Mike Gallagher discovered a friend who was entangled in still-running hydraulics. "I knew right away he was dead," he says.

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2:04am

Wed August 22, 2012
First And Main

Wis. State Senator Connects Her Politics To Her Past

Originally published on Wed August 22, 2012 7:35 pm

Wisconsin state Sen. Jessica King stands at the corner of Main Street and Algoma Boulevard in downtown Oshkosh. She won her seat in a senatorial recall campaign last year.
John W. Poole NPR

As the presidential election nears, Morning Edition is visiting swing counties in swing states for our series First and Main. We're listening to voters where they live — to understand what's shaping their thinking this election year. This week, we're spending time in Winnebago County, Wis., where we spoke with two women — one Democrat, one Republican — who embody their state's Midwestern charm and spirit of self-reliance. First, we hear from the Democrat.

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2:04am

Wed August 22, 2012
It's All Politics

Are Independents Just Partisans In Disguise?

Originally published on Wed August 22, 2012 6:31 am

Don Nichols iStockphoto.com

Independent voters have grown in recent years into a mega voting bloc. By some estimates they outnumber registered Republicans, and even registered Democrats.

Every election cycle, independents generate enormous amounts of interest as candidates, pollsters and the media probe their feelings. These voters are widely considered to hold the key to most elections.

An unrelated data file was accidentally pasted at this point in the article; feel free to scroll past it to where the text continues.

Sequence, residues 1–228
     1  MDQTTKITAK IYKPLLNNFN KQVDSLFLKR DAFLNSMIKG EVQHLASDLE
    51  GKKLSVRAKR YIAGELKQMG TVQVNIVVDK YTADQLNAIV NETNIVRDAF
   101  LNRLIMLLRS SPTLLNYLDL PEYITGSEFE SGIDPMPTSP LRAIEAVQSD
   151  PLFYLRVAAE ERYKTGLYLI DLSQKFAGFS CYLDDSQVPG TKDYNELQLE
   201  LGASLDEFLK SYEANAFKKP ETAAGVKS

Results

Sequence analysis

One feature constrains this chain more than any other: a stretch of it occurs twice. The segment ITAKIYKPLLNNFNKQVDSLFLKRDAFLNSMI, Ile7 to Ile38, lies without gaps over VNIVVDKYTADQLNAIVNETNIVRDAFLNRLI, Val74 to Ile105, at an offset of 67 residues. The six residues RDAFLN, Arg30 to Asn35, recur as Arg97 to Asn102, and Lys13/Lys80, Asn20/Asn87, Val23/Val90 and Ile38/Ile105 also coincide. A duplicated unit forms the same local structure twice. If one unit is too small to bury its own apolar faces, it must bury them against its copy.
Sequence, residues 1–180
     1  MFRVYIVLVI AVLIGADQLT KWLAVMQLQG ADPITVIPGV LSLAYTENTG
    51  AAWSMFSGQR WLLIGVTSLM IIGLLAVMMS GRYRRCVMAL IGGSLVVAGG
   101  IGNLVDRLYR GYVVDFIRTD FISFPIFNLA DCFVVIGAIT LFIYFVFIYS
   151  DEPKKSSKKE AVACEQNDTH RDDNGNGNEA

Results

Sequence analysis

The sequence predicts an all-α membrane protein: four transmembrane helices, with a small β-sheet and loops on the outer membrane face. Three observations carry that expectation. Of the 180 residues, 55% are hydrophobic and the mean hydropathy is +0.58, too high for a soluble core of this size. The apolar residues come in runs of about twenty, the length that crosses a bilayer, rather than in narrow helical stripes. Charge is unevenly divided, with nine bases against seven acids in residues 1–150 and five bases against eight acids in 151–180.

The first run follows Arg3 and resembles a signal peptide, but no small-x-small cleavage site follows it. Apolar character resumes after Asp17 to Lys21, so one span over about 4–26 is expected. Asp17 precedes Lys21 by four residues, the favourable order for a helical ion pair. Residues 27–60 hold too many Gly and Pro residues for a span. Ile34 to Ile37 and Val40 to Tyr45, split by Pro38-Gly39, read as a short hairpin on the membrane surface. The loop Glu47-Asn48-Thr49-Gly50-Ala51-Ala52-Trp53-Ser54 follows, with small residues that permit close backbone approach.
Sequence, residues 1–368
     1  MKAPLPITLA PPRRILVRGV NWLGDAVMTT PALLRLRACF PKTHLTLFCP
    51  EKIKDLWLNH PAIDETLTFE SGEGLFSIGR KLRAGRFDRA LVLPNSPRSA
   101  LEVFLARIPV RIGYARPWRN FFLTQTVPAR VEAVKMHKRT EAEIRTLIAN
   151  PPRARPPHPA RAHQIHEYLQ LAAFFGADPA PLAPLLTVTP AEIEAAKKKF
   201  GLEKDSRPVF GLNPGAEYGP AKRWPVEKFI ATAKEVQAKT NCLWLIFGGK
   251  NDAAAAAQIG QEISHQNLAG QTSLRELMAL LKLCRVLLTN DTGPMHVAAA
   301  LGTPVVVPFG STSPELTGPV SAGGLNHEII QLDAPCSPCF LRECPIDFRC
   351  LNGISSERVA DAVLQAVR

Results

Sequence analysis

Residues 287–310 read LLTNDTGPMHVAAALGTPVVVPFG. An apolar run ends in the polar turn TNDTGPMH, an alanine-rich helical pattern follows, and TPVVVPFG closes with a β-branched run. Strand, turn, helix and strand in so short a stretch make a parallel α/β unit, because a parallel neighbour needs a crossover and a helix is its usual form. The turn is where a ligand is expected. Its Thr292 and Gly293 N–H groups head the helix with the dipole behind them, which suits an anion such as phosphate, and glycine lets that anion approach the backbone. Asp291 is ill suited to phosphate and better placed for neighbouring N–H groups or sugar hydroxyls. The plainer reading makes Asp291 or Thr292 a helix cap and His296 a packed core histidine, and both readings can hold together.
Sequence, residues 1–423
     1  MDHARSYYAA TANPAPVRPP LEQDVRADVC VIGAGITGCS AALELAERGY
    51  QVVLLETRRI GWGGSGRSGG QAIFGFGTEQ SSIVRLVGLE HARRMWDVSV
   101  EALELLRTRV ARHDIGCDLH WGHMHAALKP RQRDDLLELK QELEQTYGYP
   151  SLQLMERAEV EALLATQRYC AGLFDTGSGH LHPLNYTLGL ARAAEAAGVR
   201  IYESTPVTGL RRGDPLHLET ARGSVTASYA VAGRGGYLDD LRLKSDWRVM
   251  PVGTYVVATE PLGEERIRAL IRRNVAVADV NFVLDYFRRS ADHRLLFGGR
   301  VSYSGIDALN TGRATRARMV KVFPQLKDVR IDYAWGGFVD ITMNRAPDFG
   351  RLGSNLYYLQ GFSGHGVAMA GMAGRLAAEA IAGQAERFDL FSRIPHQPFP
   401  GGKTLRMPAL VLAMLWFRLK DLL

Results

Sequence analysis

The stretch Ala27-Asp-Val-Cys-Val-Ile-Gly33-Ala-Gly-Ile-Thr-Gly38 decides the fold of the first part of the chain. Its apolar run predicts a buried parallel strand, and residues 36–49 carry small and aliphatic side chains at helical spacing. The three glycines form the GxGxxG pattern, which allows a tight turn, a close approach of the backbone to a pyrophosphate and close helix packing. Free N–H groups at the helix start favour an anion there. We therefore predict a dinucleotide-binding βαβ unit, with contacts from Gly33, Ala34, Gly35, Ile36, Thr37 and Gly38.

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9:09pm

Tue August 21, 2012
Sweetness And Light

Serena Williams Takes Tennis For A Ride

Originally published on Wed August 22, 2012 12:44 pm

Serena Williams returns a shot during a match at the Western & Southern Open tennis tournament in Mason, Ohio.
Tom Uhlman AP

For the first time in a long time there is actually more than a modicum of interest in the women's side of a Grand Slam tournament. And, of course, it's all strictly due to a party of one: Serena Williams.

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5:02pm

Tue August 21, 2012
All Tech Considered

Study To Test 'Talking' Cars That Would Warn Drivers Of Unseen Dangers

Originally published on Tue August 21, 2012 8:55 pm

Connected car technology could warn drivers when vehicles ahead of them suddenly brake.
iStockphoto.com

5:02pm

Tue August 21, 2012
Around the Nation

Where Cyclists Once Rode, Ghost Bikes Stand Vigil

Originally published on Wed August 22, 2012 7:06 am

Ryan Nuckle helped found New York City's Ghost Bike Project in 2005, after three cyclists were killed in a single month.
Nellie Large for NPR

On a muggy summer afternoon in Greenpoint, Brooklyn, a dozen people are hard at work on the patio behind a local church. They're stripping old bicycles of their brakes, cables and chains, and sanding and spray-painting them white.

But behind the lighthearted chatter, there's a more somber purpose to this gathering: They're building "ghost bikes."

Painted all white and adorned with colorful notes and flowers, ghost bikes are the cycling community's equivalent of roadside shrines dotting the highway; they mark the spot where a rider was killed in traffic.